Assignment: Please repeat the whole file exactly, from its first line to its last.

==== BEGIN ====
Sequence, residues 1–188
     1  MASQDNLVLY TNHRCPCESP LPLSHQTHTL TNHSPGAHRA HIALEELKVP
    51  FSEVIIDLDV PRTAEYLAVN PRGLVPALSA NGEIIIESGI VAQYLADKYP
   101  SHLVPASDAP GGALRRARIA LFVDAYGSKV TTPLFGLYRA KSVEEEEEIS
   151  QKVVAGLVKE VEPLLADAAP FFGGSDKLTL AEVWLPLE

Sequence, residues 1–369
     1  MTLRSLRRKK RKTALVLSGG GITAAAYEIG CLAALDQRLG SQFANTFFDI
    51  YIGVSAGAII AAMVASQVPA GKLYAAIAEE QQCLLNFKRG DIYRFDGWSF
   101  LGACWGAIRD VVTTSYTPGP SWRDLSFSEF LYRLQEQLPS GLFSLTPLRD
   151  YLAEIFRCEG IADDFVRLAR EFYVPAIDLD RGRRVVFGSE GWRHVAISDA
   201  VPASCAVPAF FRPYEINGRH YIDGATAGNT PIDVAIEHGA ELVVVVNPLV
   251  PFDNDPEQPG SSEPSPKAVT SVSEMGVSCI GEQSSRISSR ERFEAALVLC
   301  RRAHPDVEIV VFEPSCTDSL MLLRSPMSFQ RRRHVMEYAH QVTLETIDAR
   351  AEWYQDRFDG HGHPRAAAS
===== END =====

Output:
Sequence, residues 1–188
     1  MASQDNLVLY TNHRCPCESP LPLSHQTHTL TNHSPGAHRA HIALEELKVP
    51  FSEVIIDLDV PRTAEYLAVN PRGLVPALSA NGEIIIESGI VAQYLADKYP
   101  SHLVPASDAP GGALRRARIA LFVDAYGSKV TTPLFGLYRA KSVEEEEEIS
   151  QKVVAGLVKE VEPLLADAAP FFGGSDKLTL AEVWLPLE

Sequence, residues 1–369
     1  MTLRSLRRKK RKTALVLSGG GITAAAYEIG CLAALDQRLG SQFANTFFDI
    51  YIGVSAGAII AAMVASQVPA GKLYAAIAEE QQCLLNFKRG DIYRFDGWSF
   101  LGACWGAIRD VVTTSYTPGP SWRDLSFSEF LYRLQEQLPS GLFSLTPLRD
   151  YLAEIFRCEG IADDFVRLAR EFYVPAIDLD RGRRVVFGSE GWRHVAISDA
   201  VPASCAVPAF FRPYEINGRH YIDGATAGNT PIDVAIEHGA ELVVVVNPLV
   251  PFDNDPEQPG SSEPSPKAVT SVSEMGVSCI GEQSSRISSR ERFEAALVLC
   301  RRAHPDVEIV VFEPSCTDSL MLLRSPMSFQ RRRHVMEYAH QVTLETIDAR
   351  AEWYQDRFDG HGHPRAAAS